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Three ways to customise the WebLogic MarketPlace Stacks - Part 3

Jan Leemans
Business Development Director

Add a WebLogic pay-as-you-go node to an existing Kubernetes cluster

Oracle Marketplace offers a streamlined way to get started with a publisher's software, and through the Marketplace UI you can simply spin up any of these solutions through a simple wizard.

This blog is the third chapter in a series that will explore your options to work with Terraform and the Marketplace Stacks and Images of WebLogic as provided on Marketplace.   You will learn how you can add nodes to an existing Kubernetes cluster running WebLogic, using a "pay-as-you-go" compute image that has the license entitlements for running WebLogic.  This allows you to convert an existing, custom setup of WebLogic on Kubernetes into a "Pay-as-you-go" version, bypassing the standard  Marketplace automation.

You can read more on the underlying mechanisms of the WebLogic Marketplace stack in my previous articles:

  • In the first blog you could read how to automate the launch of the WebLogic stack as it is provided on Marketplace, using Terraform and a bit of OCI Command Line.
  • In the second blog you saw how to launch an individual Pay-as-you-go VM image with full control of the setup process, omitting the standard Stack provided on Marketplace.

Convert a Customer WebLogic setup running on OKE into Pay-as-you-go

For customers that already have done the work of setting up their own configuration of WebLogic running on OKE, and have not used the marketplace images, it is now possible to migrate their setup into a Pay-as-you-go UC consuming instance, by simply switching the WLS configuration onto a new Node Pool that is running the UCM licensed (and billed) marketplace image.

The basic principle has already been used in Option 2 of this article : obtain the required "Terms and Conditions" agreements using Terraform, download the Marketplace stack to obtain the OCID's of the correct images. But instead of spinning up a compute instance, we will now add a node pool to an existing cluster.

Of course you can integrate this logic in your existing automation scripts, allowing you to spin up from scratch a new environment using your existing automation, but now based on UC consuming Node Pools.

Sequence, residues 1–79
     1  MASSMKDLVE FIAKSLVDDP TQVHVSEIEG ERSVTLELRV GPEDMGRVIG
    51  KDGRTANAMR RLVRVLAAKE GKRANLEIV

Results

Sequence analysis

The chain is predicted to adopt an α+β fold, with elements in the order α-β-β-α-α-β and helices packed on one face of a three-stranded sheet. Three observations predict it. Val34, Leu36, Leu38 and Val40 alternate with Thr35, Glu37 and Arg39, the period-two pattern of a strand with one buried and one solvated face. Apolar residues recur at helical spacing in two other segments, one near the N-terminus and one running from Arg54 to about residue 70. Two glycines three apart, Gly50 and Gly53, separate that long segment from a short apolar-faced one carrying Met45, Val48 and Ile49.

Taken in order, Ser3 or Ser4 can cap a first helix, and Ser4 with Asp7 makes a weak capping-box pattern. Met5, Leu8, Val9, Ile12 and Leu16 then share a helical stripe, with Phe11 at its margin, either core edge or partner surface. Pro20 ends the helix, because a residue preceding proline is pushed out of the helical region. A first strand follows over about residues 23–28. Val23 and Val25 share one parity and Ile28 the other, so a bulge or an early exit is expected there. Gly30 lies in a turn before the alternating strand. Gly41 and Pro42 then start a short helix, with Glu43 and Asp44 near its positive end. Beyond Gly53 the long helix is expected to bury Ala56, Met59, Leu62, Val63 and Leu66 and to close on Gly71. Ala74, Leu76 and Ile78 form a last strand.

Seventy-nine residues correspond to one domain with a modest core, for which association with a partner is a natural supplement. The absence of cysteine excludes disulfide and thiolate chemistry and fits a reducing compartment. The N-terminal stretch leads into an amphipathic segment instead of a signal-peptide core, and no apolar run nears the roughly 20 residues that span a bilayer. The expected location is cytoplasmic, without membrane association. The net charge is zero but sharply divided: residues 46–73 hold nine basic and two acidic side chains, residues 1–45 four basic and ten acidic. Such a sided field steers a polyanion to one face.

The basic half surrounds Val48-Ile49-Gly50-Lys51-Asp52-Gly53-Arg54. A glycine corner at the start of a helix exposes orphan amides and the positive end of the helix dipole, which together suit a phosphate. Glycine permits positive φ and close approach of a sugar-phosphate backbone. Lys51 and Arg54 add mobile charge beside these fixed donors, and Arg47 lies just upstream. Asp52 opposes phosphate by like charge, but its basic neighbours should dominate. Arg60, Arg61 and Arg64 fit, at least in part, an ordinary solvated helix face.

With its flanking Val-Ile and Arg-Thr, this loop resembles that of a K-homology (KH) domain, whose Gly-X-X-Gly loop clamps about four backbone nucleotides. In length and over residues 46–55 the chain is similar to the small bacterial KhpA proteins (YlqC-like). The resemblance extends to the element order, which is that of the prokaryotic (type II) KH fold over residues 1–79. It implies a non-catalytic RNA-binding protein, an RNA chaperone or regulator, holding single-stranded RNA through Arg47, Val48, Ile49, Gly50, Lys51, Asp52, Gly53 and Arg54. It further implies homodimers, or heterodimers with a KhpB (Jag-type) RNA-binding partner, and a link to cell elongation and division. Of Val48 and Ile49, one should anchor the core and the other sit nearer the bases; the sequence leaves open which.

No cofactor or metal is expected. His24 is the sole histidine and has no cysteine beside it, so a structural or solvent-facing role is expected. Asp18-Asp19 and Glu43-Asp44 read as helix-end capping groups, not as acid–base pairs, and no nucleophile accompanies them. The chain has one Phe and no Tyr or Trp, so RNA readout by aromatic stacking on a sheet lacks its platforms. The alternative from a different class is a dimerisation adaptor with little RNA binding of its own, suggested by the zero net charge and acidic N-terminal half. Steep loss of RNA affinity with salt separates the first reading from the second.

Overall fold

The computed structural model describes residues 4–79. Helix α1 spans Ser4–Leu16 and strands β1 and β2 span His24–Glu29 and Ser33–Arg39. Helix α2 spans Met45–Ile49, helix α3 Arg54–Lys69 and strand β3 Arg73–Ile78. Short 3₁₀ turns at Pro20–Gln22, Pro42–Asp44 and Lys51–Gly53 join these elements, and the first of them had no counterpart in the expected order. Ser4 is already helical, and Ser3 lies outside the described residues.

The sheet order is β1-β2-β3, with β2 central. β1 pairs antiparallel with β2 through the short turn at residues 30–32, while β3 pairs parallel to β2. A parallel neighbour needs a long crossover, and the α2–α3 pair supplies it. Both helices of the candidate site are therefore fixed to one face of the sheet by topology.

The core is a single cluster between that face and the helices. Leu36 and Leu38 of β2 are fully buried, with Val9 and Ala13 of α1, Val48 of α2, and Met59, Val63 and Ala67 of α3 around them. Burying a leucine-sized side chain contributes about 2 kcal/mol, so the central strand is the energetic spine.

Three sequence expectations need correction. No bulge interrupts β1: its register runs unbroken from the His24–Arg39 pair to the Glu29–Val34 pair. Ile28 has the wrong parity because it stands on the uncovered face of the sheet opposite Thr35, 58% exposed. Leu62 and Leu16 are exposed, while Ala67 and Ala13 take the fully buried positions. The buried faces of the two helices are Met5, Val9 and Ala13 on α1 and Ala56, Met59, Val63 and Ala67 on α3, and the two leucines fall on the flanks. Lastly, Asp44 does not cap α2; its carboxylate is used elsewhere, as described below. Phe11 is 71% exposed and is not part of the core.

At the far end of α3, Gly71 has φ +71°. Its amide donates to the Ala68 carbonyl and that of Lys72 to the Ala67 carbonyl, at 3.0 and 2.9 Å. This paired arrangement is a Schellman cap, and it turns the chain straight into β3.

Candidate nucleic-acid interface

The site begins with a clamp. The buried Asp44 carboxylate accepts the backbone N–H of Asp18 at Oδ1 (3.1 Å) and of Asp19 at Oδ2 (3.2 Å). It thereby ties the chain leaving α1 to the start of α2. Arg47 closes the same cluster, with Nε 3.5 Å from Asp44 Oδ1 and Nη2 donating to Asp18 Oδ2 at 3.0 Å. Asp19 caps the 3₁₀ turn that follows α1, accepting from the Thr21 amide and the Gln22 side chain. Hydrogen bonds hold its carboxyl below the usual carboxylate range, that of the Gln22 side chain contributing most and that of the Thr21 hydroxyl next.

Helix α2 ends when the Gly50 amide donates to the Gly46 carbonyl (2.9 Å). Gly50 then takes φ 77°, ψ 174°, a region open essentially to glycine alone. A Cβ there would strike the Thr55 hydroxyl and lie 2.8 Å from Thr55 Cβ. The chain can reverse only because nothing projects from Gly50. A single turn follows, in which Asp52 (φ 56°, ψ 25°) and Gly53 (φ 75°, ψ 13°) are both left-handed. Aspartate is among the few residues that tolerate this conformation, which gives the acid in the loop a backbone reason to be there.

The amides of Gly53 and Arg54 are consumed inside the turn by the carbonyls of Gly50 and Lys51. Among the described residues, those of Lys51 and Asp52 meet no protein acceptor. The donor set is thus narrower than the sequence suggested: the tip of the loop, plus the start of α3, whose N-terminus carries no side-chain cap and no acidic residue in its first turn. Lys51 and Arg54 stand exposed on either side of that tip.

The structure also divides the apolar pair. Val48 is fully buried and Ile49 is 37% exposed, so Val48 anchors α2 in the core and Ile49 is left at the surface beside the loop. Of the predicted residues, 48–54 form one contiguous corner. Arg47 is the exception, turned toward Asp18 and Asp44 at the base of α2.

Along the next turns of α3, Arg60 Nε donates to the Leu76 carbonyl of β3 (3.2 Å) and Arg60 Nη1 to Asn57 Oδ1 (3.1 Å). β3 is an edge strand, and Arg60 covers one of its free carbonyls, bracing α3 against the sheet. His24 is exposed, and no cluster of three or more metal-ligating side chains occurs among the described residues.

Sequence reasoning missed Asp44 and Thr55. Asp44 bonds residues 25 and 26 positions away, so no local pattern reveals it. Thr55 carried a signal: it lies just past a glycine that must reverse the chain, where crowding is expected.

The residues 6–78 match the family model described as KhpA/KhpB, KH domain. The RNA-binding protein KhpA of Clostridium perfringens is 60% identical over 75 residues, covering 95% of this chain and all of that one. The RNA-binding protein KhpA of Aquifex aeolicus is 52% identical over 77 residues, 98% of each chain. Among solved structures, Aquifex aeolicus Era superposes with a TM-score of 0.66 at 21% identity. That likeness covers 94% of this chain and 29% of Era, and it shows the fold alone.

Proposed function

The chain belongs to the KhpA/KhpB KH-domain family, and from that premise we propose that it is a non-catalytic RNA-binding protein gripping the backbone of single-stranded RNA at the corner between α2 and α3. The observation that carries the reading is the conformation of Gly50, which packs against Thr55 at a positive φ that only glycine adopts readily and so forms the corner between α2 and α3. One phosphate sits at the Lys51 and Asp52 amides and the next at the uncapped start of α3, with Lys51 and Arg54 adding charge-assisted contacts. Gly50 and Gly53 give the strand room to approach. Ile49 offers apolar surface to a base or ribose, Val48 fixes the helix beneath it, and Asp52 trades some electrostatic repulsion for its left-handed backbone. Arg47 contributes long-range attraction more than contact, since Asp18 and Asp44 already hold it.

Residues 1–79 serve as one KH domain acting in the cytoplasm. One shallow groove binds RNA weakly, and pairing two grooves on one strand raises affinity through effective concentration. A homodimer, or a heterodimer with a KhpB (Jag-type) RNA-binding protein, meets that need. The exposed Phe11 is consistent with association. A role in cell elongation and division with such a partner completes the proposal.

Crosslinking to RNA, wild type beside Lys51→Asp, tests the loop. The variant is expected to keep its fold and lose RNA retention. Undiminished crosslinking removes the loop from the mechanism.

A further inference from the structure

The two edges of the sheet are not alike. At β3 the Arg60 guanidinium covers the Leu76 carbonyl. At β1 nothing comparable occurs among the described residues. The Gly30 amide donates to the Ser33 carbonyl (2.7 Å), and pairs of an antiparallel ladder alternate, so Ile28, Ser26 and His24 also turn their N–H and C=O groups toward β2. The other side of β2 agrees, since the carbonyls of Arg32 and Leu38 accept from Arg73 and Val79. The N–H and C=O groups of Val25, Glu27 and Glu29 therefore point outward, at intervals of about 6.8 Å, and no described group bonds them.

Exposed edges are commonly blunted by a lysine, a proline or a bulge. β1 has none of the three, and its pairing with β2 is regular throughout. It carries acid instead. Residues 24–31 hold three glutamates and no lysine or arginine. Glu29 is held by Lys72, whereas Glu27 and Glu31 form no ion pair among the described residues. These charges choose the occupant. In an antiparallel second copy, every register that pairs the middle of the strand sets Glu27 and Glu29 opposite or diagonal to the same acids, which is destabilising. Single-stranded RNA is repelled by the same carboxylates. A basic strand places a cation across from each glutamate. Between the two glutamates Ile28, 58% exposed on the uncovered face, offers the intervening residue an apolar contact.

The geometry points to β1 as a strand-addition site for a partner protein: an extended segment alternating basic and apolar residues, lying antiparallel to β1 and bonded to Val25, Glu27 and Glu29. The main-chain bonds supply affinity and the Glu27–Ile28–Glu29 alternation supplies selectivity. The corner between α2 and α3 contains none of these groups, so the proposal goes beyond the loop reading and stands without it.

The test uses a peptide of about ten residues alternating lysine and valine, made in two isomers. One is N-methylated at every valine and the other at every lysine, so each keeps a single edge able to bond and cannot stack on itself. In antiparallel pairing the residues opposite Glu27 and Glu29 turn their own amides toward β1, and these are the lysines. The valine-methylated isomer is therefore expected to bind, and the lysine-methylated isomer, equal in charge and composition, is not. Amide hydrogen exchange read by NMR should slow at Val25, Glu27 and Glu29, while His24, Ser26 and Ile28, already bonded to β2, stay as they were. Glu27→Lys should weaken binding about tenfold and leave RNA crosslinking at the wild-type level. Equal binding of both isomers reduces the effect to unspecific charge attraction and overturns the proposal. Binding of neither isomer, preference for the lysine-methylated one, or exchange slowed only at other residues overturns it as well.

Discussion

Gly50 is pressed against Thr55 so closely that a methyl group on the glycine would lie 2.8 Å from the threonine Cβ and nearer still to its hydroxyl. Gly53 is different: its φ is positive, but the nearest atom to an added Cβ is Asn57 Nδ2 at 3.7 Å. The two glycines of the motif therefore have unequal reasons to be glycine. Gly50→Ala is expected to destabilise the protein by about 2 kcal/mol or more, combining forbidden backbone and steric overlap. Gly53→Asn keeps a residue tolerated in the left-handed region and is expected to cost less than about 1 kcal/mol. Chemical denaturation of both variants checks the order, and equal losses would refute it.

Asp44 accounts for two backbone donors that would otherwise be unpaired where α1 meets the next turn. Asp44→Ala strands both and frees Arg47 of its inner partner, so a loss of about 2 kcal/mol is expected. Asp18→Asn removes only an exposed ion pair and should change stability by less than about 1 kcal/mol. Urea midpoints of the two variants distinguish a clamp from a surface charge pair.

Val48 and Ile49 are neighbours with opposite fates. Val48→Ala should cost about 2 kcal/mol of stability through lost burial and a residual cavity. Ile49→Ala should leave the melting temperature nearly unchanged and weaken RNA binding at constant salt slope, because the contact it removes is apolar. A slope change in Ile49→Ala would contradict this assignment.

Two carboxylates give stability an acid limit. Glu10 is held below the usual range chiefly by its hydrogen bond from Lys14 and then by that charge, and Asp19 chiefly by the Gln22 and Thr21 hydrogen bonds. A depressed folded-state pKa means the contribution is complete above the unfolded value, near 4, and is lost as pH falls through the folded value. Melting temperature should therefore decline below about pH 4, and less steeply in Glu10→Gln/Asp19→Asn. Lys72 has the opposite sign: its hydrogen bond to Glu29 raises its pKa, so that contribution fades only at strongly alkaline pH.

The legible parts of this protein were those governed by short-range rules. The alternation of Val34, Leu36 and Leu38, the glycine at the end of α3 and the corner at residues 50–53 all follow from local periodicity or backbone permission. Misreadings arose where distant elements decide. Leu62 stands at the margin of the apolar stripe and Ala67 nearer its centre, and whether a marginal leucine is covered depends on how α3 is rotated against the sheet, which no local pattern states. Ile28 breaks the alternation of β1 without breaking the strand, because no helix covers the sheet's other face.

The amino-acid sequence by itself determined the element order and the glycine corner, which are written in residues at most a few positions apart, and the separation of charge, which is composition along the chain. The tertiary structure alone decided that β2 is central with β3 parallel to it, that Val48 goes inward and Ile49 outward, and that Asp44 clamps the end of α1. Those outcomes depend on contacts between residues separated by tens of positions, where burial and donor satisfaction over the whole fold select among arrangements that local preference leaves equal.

For the sake of example, I will do this on an existing running Kubernetes cluster.

Get the T&C agreements in place

First we need to obtain the required T&C agreements and the URL to the WLS for OKE stack you require (this can be Enterprise Edition or Suite). This is basically the exact same operation as demonstrated in the previous examples, but now using a different image name as a filter:

# DATA 1 - Get a list of element in Marketplace, using filters, eg name of the stack
data "oci_marketplace_listings" "test_listings" {
  name = ["Oracle WebLogic Server Enterprise Edition for OKE UCM"]
  compartment_id = var.compartment_ocid

As a result, you will obtain the usual URL to the Stack configuration in the Data 4 element.

Download and unzip the stack, and locate the values you need to subscribe to the image :

  • Open the file mp-subscription-variables.tf

    • Locate the lines defining the variable mp_wls_node_pool_image_id, and note the default value of the image OCID.

    • Locale the lines defining the mp_wls_node_pool_listing_id and note down the App Catalog Listing OCID

    • Locate the line containing the mp_wls_node_pool_listing_resource_version, this is a value that looks like : 20.4.1-201103061109

Setting up the agreement for the image

As already described in Option 2, you can now use these variables to subscribe to this image :

  • Get the partner image subscription data

    data "oci_core_app_catalog_subscriptions" "mp_image_subscription" {